early yesterday morning. Having recently undergone a minor heart operation, he was about to go on holiday to Florida.
With his staring eyes, bald head and air of brooding menace, Pleasence was best known for sinister, disturbing or villainous roles in films and for his award-winning performance as the tramp in Harold Pinter's The Caretaker.
In a stage and screen career spanning 55 years, his roles included Dr Crippen, Himmler and James Bond's arch foe Ernest Blofeld in You Only Live Twice.
Pleasence had just completed Halloween 6 and was planning to do Halloween follow ups every second year for the foreseeable future.
Yesterday his agent for 32 years, Joy Jameson, said the actor was probably most proud of having played the definitive derelict Davies in The Caretaker in 1960 when he was 40, and then again when 70.
"If you had asked Donald what was the acme of his career I think he probably would have said both performances of The Caretaker," Ms Jameson said.
"Everybody has this idea of Donald as a steely eyed hard man but he was a softy and generous to a fault. Nobody can replace Donald. He is irreplaceable."
His close friend David Giles, who directed Pleasence in the BBC's acclaimed Barchester Chronicles, said that he was a great, but undervalued, actor.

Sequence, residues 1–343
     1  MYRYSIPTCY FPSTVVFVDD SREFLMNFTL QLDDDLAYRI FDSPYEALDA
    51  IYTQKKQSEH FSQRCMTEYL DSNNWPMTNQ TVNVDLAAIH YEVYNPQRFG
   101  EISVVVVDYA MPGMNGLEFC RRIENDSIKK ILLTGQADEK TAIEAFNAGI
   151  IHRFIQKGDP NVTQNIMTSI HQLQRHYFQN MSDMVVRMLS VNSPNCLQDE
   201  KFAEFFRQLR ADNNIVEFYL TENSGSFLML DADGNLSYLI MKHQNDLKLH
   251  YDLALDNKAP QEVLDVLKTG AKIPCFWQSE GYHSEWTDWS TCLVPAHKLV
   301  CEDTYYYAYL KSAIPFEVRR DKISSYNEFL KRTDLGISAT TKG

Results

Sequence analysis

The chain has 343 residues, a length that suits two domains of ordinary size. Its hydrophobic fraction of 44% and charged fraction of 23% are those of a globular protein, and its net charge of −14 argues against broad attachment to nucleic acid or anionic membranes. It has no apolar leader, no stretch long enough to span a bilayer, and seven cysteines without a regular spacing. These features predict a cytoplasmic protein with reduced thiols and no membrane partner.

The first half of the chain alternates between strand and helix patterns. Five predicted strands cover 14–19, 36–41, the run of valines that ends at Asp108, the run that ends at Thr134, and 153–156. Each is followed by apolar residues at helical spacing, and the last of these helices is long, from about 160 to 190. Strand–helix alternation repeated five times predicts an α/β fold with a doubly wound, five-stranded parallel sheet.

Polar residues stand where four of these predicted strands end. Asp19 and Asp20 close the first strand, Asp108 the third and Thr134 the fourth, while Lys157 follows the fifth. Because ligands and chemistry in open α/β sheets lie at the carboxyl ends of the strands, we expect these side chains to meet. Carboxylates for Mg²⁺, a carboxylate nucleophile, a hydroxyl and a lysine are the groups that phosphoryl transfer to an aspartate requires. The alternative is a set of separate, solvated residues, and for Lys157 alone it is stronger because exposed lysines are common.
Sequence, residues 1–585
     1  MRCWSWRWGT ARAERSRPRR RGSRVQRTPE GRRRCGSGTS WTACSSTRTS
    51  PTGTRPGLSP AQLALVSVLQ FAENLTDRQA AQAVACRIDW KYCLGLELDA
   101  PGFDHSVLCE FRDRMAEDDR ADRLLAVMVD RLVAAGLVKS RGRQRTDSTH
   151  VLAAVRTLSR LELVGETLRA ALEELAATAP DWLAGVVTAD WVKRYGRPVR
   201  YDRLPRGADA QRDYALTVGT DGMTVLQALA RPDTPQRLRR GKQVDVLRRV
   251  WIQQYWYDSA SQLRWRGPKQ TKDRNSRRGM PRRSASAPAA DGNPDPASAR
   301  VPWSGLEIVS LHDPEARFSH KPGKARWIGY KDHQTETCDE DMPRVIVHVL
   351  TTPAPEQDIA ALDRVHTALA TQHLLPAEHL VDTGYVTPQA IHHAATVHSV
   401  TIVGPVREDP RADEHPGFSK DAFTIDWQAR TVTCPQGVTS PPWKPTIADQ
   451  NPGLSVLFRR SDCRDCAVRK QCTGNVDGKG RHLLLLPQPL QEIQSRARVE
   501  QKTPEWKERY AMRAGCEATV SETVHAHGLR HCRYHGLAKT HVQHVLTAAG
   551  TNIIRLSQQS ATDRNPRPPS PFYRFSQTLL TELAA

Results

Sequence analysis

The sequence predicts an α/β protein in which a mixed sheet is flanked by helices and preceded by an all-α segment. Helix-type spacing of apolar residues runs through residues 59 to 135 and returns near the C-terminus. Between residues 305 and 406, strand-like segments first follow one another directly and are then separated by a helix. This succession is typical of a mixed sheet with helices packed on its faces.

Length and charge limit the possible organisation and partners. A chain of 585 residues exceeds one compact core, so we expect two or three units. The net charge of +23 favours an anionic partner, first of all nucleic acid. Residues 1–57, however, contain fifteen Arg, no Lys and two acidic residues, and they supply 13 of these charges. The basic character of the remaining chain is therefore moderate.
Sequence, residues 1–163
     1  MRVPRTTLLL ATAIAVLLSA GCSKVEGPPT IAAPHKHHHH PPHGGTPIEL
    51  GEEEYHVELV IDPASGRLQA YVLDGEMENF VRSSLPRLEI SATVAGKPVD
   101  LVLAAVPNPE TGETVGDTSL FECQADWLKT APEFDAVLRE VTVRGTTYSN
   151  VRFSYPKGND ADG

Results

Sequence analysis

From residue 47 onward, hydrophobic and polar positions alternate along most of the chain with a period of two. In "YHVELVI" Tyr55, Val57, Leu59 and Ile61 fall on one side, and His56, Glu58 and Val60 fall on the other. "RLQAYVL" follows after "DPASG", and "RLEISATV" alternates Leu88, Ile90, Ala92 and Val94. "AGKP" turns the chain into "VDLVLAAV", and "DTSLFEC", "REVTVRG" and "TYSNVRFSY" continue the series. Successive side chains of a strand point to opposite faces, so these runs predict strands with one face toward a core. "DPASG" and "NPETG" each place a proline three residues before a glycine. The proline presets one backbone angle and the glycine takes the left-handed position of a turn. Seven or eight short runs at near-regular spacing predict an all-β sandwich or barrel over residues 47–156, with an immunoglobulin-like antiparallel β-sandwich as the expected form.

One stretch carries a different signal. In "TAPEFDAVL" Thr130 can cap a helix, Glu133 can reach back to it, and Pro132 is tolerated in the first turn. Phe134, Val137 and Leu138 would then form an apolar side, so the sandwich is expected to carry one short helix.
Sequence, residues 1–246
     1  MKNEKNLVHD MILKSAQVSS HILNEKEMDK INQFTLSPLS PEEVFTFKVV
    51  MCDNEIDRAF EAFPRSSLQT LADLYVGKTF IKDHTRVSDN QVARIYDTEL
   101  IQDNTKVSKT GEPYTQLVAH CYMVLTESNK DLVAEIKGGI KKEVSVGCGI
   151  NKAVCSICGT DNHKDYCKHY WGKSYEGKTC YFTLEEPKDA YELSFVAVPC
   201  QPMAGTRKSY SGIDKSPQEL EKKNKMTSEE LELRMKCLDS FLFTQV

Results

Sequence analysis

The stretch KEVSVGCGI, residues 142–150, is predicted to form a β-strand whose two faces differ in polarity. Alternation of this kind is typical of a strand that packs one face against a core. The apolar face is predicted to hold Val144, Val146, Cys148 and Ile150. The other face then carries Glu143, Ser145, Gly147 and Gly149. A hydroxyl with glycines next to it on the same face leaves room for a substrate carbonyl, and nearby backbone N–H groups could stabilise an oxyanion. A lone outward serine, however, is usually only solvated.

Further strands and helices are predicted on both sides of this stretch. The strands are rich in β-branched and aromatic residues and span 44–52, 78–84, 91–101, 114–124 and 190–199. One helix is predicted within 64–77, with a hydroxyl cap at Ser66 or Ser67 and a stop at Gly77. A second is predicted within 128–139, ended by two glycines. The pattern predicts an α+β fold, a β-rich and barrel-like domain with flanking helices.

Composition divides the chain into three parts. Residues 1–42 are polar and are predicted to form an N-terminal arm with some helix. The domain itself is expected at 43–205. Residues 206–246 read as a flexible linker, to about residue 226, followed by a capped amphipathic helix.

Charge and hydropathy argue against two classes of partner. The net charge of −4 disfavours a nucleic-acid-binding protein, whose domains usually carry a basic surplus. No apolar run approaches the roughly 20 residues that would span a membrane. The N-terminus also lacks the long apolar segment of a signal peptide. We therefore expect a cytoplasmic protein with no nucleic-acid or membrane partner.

"He played many villains because he played them so well - he could look amazingly malevolent although he was one of the least malevolent people I have ever met.
"He was never properly appreciated, perhaps because his height was against him or because he never played any of the great classic parts, although he was wonderful on stage."
Michael Winner, the film director and a friend for many years, said: "He was one of the finest character actors Britain has ever produced.
"He had a terrific love of life. The day always brightened up when you met Donald. It seems that people who often play villains are in life exactly the opposite."
Born in Worksop, Nottinghamshire, Pleasence had no formal training as an actor and started his career in repertory stage companies. Although he threw himself into roles, Pleasence often said he did not enjoy acting, describing it as a "compulsive thing".
He served with the Royal Air Force in the Second World War, was shot down and spent the last year of the war in a German prison camp.
Pleasence, who was married four times, leaves a widow, Linda Woollam, and five children. He was awarded the OBE in 1993 and listed his recreation in Who's Who as "talking too much".
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